Team members began by using paint remover to completely strip the paint from the body, returning the body panels back to silver-colored steel sheets. In doing so, they uncovered countless sections of bright red rust and minor dents that had lain concealed under the paint.

More than six decades of rust and dents had taken a severe toll. In particular, the corrosion on the underbody, which is not visible from outside, and areas where rainwater inevitably pools, such as the bottom of doors and wheelhouses, turned out far worse than expected.

Corrosion was particularly bad around the bottom of doors and wheelhouses.

Remaking body panels from molds

These circumstances turned the body restoration into a far more colossal and difficult task than even the team of crack technicians had imagined. Another reason was the fact that, as befitting a car manufacturer, they were aiming for a flawless restoration that would surpass the quality of the original down to the innermost details.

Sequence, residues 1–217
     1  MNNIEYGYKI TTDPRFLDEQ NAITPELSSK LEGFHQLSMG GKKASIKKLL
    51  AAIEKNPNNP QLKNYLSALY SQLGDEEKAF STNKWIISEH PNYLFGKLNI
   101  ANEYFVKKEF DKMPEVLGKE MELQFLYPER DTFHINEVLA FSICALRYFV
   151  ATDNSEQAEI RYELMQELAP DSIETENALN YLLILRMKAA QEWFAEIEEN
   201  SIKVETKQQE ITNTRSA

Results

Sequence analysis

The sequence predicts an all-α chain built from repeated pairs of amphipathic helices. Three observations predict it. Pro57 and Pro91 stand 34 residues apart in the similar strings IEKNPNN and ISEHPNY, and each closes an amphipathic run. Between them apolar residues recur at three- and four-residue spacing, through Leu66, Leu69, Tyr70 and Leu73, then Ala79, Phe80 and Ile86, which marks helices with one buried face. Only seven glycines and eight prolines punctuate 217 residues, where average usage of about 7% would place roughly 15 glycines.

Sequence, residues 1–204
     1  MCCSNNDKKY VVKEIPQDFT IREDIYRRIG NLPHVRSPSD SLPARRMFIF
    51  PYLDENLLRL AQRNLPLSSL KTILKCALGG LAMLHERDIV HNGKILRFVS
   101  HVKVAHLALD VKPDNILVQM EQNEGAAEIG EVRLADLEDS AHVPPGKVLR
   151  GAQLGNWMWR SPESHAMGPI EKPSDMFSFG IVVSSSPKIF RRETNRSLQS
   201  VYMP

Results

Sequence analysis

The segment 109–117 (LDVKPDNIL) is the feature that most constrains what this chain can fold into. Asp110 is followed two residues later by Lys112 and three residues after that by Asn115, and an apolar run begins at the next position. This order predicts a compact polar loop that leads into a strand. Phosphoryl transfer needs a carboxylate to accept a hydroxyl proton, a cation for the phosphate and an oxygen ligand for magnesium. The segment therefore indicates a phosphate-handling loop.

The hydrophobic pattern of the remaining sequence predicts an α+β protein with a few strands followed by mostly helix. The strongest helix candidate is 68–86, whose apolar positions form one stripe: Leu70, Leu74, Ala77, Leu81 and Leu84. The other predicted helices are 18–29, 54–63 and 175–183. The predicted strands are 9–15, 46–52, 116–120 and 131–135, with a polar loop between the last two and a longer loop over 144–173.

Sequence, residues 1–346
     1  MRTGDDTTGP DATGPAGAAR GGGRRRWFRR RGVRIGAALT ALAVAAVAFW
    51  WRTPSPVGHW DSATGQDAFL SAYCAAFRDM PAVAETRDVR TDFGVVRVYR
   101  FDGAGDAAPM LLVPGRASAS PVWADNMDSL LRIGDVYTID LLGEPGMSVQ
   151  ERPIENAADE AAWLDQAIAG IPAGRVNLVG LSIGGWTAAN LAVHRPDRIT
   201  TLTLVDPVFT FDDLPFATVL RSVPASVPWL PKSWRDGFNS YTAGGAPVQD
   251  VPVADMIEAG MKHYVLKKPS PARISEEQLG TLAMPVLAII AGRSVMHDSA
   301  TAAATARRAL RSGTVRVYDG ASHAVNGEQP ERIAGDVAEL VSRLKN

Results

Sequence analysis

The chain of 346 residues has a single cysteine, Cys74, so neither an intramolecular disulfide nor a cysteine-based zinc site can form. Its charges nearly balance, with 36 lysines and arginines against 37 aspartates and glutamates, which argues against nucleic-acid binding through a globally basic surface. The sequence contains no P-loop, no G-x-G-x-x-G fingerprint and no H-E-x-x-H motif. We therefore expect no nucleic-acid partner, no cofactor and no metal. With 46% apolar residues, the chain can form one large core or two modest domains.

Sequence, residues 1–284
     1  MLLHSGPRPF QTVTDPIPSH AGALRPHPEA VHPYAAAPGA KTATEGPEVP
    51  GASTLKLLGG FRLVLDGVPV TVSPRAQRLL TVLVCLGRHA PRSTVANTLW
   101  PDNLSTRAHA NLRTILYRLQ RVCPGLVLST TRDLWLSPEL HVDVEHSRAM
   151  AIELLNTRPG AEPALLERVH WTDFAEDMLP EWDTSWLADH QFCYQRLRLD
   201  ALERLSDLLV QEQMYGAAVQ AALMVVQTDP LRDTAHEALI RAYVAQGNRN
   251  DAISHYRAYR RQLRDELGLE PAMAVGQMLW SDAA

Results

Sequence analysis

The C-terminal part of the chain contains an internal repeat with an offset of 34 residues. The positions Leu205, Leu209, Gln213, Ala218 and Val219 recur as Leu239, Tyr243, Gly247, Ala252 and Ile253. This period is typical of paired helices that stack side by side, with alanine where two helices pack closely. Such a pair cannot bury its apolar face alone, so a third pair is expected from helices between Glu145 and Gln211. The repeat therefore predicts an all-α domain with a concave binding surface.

Right from the initial rust removal, the work was extremely arduous. It involved meticulously removing the rust by hand using a file and paste. Any speck of rust left on the surface would show up when the body was painted, creating an uneven area that would ruin the beautiful finish and allow corrosion to set in again. This meant there could be no compromises.

One of the team members, SX Takaaki Sato from the Lexus Body Section at the Tahara Plant’s Body Manufacturing Div., describes the challenge.

(Right) SX Sato from the Body Section, Body Manufacturing Div., Tahara Plant